Harper Lee Prize for Legal Fiction Shortlisters: Lawyers in Love With Literature

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Three attorney-authors are up for this year’s Harper Lee Prize for Legal Fiction, with an autographed copy of the late writer’s ‘To Kill a Mockingbird’ waiting for the winner.

By Porter Anderson, Editor-in-Chief | @Porter_Anderson

The Public Votes Through June 30
The Harper Lee Prize for Legal Fiction again this year has chosen a shortlist of three novels, and has opened up voting by the public as a collective “fifth juror” on the award.

In an era in which attorneys may feel some reputational damage to the profession because of the political passion play that has ensnared some of their colleagues in Washington, the latest selection of attorney-authors may be especially welcome from the University of Alabama School of Law and the ABA Journal.

The award program, its organizers say, was authorized by the late Harper Lee, and is awarded annually to “a book-length work of fiction that best illuminates the role of lawyers in society and their power to effect change.”

The prize program was inaugurated in 2011 on the 50th anniversary of the publication of To Kill a Mockingbird. And again this year, four jurors will vote on which of the three shortlisted titles is the winner, with the public’s vote serving as that fifth voice in the process.

The three finalists, all published in 2017, are:

  •  Proof by CE Tobisman (AmazonPublishing / Thomas & Mercer)
  •  Testimony by Scott Turow (Hachette / Grand Central)
  •  Exposed by Lisa Scottoline (Macmillan / St. Martin’s Press)

In a prepared statement, the ABA Journal’s editor and publisher Molly McDonaough is quoted, saying, “The winnowing committee has chosen three great novels that you can add to your summer reading list, all written by lawyers and with timely topics.

“This year’s grouping includes drama and intrigue surrounding international justice, elder law, legal ethics and protections for people with disabilities. As legal journalists we see the essential role of lawyers in the real world and think now, more than ever, it’s important to have genuine and inspiring depictions of their work in pop culture.”

The four jurors who will cast the first votes are:

  • Hilary Green, assistant professor of history in the Department of Gender and Race Studies at the University of Alabama
  • Jini Koh, attorney and University of Alabama School of Law graduate
  • Tony Mauro, U.S. Supreme Court correspondent for Law.com and the National Law Journal
  • Sena Jeter Naslund, author, co-founder, and former program director of the Spalding University MFA in Writing

The public vote continues to be available through June 30 here.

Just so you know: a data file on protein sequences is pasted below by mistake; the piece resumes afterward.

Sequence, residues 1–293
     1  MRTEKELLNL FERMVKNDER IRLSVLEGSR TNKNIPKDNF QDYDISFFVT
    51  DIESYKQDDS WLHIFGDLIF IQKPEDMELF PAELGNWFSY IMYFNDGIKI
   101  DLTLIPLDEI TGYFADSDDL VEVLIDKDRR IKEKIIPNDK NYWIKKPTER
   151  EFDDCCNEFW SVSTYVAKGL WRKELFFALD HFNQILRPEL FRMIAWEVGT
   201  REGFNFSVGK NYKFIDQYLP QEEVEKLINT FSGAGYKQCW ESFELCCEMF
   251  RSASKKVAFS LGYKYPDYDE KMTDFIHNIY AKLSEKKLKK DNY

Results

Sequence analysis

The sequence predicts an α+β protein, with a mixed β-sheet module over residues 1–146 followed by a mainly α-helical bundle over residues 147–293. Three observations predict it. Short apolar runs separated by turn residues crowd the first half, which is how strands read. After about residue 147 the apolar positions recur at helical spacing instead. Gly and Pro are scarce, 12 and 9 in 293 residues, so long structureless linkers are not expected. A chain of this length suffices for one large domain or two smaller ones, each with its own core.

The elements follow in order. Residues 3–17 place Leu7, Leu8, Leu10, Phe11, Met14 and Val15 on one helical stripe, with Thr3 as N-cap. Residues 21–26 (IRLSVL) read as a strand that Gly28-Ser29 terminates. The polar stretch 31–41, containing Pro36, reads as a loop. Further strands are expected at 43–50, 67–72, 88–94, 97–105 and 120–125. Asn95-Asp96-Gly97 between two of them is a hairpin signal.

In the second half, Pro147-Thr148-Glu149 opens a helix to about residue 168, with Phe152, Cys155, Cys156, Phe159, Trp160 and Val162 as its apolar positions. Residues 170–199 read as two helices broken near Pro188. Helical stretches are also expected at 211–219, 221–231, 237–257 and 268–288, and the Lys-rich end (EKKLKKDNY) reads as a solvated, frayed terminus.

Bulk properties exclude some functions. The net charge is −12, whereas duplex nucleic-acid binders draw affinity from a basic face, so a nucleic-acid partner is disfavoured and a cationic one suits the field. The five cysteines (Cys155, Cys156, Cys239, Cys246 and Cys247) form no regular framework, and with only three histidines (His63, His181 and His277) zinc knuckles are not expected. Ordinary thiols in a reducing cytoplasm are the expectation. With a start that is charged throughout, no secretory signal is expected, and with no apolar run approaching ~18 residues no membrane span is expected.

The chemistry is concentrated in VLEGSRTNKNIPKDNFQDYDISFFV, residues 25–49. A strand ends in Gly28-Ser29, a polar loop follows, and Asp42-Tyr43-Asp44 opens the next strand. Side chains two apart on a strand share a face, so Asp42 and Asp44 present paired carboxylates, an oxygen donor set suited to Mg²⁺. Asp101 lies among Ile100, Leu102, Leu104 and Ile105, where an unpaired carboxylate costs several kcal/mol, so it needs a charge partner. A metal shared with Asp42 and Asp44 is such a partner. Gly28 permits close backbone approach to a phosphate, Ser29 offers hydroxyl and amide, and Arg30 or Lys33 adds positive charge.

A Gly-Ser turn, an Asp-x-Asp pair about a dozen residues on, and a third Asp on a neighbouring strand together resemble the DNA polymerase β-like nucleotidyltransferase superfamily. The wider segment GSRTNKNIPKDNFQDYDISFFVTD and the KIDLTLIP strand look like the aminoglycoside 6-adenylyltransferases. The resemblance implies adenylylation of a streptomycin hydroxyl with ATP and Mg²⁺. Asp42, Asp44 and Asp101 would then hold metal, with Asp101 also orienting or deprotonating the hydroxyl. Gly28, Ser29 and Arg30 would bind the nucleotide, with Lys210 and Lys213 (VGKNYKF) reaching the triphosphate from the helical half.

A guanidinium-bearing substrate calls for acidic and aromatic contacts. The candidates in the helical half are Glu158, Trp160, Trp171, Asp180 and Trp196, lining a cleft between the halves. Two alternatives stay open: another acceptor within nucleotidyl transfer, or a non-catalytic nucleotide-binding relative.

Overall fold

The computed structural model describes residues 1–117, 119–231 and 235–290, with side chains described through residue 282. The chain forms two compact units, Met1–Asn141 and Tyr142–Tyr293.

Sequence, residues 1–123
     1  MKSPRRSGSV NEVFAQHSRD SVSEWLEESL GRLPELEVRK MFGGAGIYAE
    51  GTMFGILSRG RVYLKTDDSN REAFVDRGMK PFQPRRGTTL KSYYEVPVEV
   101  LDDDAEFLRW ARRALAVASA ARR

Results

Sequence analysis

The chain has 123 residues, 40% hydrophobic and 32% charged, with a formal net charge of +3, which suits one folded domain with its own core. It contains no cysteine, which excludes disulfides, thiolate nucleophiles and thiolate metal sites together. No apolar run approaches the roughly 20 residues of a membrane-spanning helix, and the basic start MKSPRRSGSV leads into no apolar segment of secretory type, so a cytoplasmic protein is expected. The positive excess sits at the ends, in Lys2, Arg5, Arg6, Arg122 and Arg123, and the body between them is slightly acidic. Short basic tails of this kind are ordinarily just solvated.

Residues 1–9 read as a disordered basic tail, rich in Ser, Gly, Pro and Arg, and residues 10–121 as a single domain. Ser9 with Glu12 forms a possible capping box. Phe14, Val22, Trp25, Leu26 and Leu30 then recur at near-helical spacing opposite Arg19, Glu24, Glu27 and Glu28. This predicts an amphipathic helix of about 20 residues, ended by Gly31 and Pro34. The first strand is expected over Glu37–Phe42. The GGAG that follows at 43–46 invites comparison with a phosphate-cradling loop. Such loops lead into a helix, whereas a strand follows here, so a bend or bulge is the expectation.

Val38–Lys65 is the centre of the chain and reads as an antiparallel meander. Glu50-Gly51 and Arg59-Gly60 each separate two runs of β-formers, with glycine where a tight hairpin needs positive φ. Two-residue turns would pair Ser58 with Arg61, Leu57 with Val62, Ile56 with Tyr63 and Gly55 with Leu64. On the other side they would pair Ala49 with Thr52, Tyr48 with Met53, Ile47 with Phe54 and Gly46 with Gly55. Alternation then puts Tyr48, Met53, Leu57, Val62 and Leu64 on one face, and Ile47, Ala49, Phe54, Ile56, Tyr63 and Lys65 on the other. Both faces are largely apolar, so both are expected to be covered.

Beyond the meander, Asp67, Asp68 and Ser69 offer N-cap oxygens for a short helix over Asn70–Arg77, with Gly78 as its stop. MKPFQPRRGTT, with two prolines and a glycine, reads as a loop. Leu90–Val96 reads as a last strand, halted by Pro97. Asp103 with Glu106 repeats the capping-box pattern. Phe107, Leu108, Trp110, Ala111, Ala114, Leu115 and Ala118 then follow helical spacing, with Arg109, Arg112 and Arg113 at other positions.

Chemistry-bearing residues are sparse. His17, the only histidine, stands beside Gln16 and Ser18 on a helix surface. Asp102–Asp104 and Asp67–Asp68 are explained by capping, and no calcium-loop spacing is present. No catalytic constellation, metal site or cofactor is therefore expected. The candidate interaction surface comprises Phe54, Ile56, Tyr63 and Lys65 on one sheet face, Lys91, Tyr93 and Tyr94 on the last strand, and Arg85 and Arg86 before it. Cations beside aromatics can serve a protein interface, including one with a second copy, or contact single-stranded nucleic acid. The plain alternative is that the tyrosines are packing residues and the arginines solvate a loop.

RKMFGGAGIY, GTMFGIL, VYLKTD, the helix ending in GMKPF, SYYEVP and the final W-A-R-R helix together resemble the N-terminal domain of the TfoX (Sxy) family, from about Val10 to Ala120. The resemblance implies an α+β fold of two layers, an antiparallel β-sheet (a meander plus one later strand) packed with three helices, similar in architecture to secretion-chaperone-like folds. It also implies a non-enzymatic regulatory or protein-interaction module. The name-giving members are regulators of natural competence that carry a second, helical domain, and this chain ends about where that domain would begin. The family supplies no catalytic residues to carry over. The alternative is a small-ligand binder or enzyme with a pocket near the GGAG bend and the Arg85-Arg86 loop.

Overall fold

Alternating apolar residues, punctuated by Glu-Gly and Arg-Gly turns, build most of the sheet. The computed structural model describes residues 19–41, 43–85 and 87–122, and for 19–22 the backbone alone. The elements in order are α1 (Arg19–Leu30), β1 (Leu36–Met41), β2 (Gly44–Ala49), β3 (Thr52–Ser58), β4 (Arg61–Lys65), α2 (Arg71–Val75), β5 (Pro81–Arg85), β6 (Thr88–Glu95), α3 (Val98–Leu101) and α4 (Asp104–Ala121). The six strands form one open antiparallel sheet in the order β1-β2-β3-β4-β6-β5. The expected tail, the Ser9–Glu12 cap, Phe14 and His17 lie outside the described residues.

The winner will be honored at a ceremony in August at the Library of Congress, and will be given a copy of To Kill a Mockingbird signed by Harper Lee.

Past winners of the prize are:

  • 2011: John Grisham, The Confession
  • 2012: Michael Connelly, The Fifth Witness
  • 2013: Paul Goldstein, Havana Requiem
  • 2014: John Grisham, Sycamore Row
  • 2015: Deborah Johnson, The Secret of Magic
  • 2016: Attica Locke, Pleasantville
  • 2017: James Grippando, Gone Again

From left, the nominated authors for the Harper Lee Prize for Legal Fiction are Lisa Scottoline, Scott Turow, and CE Tobisman

‘Mockingbird’ Stageplay To Go Forward

In unrelated news about the work of Harper Lee, the settlement between her estate and producers of Aaron Sorkin’s stage adaptation of To Kill a Mockingbird reportedly means the show can open as planned on December 13 in Broadway’s Shubert Theater with Jeff Daniels in the role of Atticus Finch.

The estate had sued producer Scott Rudin’s company, claiming that the stage script made too many changes to the novel’s original characters and the author’s intent. Rudin had counter-sued, charging that the estate’s objections would render the show’s planned opening impossible to make.

As Sarah Weinman wrote at Publishers Lunch, “The settlement news comes just days after Alabama federal court judge William Steele ruled that estate representative Tonja Carter’s original suit against Rudin, filed in March, should be moved to New York on jurisdictional grounds. Rudin’s answering lawsuit, filed a month later, was slated to go to trial on June 4.”

About the Author

Porter Anderson

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Porter Anderson is Editor-in-Chief of Publishing Perspectives. He is also co-owner and editor with Jane Friedman of The Hot Sheet, the newsletter for trade and indie authors. He formerly was Associate Editor for The FutureBook, at London's The Bookseller. Anderson has also worked with CNN International, CNN.com, CNN USA, the Village Voice, the Dallas Times Herald, and other media.

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